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Old 10-07-2005, 07:29 PM   #1
Oct 2005
Westminster, Uk. But only till the end of December :(
Posts: 126

My aunt owns a small antique business. I went up to see her earlier in the week and she told me that she believes she has a five gallon glass carboy in her storage building. A few years back, she bought a bunch of stuff from the estate of an an old man who died and his kids where just selling his stuff. She got it in a package deal which included a lot of nice antiques, (I think they threw it in just to get rid of it) Anyway she told me that she will try to look for it this weekend and if she finds it, I can have it. I know in my last topic, someone said that a secondary fermenter needed to be glass. However, every bit of documentation I have read says to either get food grade plastic to be your primary fermenter or stainless steal. Could I use this glass Carboy as a primary fermenter? What is the difference, why should your secondary fermenter be glass and what differences can I expect if I use the glass as my primary?


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Old 10-07-2005, 07:37 PM   #2
I use secondaries. :p
Walker's Avatar
Sep 2005
Cary, NC
Posts: 10,987
Liked 101 Times on 89 Posts

5 gallons is arguably too small for use as a primary, because there will be little headspace for the krauesen to form on top of the beer. You might need to use a blow-off tube or risk popping the rubber stopper out of the thing.

I think that most of us probably use a 6.5 gallon carboy for a primary, and 5 gallon carboy for a secondary (all glass, naturally.)

I can't really comment on using plastic fermenters. I have only done it a couple of times, and that was very long ago. I prefer glass primaries, because I can see what's happening at all times.

Ground Fault Brewing Co.

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Old 10-07-2005, 08:31 PM   #3
homebrewer_99's Avatar
Feb 2005
Atkinson (near the Quad Cities), IL
Posts: 17,792
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As a general rule/practice, plastic will be fine as a secondary as long as you try to get it out and into bottles in about 2 weeks of so.

I kept a batch of Weizen in a plastic primary for 32 days and it won Best of Show and Best of Style, so not every rule is rigid.

However, glass as a secondary is the way to go since it allows you the ability to see how your brew is clearing. This is especially true of you plan on lagering for 2-3 months.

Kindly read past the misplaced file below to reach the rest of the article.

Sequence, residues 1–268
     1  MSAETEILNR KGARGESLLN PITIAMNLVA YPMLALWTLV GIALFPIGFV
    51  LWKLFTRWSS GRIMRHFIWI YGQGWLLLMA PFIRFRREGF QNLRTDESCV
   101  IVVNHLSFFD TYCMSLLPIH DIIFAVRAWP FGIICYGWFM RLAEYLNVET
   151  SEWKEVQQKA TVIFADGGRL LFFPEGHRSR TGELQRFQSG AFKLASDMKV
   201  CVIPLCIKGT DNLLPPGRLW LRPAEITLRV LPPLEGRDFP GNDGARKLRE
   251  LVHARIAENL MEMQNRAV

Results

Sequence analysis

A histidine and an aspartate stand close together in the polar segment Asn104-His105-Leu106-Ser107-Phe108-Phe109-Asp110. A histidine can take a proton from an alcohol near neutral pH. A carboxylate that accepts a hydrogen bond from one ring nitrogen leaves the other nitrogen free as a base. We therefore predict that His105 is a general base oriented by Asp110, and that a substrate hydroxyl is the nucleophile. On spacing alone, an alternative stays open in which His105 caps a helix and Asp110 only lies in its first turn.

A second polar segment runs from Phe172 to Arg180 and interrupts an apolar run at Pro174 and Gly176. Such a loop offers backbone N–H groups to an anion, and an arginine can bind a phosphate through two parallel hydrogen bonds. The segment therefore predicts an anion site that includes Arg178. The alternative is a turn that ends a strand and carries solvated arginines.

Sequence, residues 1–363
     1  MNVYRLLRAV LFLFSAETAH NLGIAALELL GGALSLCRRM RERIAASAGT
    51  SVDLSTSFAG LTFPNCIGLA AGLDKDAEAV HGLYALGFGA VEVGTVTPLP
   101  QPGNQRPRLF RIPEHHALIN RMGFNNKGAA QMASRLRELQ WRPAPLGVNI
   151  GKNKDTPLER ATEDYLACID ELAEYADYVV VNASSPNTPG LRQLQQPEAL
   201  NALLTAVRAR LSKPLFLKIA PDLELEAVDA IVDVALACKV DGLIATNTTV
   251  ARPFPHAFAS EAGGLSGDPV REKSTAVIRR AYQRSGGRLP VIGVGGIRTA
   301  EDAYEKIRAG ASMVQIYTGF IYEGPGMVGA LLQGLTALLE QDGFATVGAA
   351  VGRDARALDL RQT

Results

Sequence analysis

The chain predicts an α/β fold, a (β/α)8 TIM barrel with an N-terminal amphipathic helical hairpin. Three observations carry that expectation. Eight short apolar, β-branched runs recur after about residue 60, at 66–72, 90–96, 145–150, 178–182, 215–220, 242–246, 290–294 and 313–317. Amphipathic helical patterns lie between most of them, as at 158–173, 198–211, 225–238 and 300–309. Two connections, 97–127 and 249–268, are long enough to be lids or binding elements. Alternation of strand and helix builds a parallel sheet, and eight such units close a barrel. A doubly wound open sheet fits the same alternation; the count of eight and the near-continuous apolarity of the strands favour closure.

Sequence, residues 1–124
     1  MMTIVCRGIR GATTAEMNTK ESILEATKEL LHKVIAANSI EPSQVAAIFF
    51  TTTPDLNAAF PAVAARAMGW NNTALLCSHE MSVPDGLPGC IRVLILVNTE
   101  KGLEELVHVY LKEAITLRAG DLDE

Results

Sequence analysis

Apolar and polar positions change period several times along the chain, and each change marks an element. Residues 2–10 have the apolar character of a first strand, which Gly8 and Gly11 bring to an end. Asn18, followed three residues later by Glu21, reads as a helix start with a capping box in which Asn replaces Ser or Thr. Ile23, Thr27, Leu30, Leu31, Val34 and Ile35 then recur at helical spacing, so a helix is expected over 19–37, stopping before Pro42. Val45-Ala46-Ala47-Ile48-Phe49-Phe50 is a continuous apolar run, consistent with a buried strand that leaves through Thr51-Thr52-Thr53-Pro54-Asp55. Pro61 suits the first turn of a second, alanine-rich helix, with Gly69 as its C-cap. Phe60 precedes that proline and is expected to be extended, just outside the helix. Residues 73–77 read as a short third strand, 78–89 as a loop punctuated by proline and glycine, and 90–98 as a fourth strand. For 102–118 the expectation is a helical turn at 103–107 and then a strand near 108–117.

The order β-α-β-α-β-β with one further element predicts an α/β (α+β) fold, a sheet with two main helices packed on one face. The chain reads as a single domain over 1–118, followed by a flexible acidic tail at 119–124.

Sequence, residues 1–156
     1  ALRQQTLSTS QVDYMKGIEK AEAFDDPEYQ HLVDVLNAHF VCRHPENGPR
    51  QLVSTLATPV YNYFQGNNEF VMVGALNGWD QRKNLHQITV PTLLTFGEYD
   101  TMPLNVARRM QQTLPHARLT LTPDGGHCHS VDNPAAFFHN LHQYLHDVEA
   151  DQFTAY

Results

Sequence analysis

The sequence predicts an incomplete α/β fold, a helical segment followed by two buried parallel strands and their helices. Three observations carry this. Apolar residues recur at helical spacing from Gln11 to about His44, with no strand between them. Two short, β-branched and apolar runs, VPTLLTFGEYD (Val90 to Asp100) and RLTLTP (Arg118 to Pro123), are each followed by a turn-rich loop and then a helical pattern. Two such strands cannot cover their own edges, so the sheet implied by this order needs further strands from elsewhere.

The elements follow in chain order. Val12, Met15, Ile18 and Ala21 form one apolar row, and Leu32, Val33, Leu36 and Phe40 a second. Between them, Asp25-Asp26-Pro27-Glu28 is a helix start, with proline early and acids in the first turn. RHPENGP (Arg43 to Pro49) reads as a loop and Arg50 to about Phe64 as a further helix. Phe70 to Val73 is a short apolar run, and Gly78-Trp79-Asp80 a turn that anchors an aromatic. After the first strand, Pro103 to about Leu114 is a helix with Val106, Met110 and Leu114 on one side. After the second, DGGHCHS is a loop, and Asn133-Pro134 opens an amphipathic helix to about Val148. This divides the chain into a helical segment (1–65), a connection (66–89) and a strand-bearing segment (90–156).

HB Bill

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Old 10-10-2005, 12:48 AM   #4
david_42's Avatar
Oct 2005
Oak Grove, Oregon, USA
Posts: 25,595
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I've never used anything except plastic, the extra weight of the glass would be more than my back can handle these days. I've got two 5 gallon glass bottles, but just don't want to risk it.

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Old 10-11-2005, 10:28 PM   #5
Oct 2005
Posts: 35

plastic, glass, stainless, whatever you want as long as it can be sanitized and it makes good beer.

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Old 10-13-2005, 02:37 AM   #6
Aug 2005
Tampa, FL
Posts: 606
Liked 7 Times on 6 Posts

I still use a plastic primary on occasion.. I have a 6.5 glass and the bucket. Of course the glass is preferred as it is easier to clean, you can watch the progress, and it is not gas permeable.

The reason secondaries are almost always glass is because they are used for aging.. you don't want any oxidation of the beer and plastic will allow oxygen access to the beer. Glass is not glass permeable and will not allow oxidation of the beer to occur as the beer sits, ages, and clears.

I'm told that rough cleaning of plastic with a copper scour pad or the like will result in scratches that can, after an infected batch, carry the infection to future brews despite attemps at sanitizing.

Glass is certainly preferable to plastic and I don't know any homebrewers who use steel fermentation containers. The only caution with glass is that you should cover it with a towel to keep the light out..

If you plan on using the glass carboy as your primary then you need a 6.5 gal container as that will leave room for an "active" fermenation. A 5 gal carboy is perfect for a secondary.

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Old 10-14-2005, 06:56 AM   #7
Sep 2005
Lebanon, NH
Posts: 30

Anyone use any of those new BetterBottles? Seems like it would be an easier to carry fermenter (with the tap) and still be able to see your brew?

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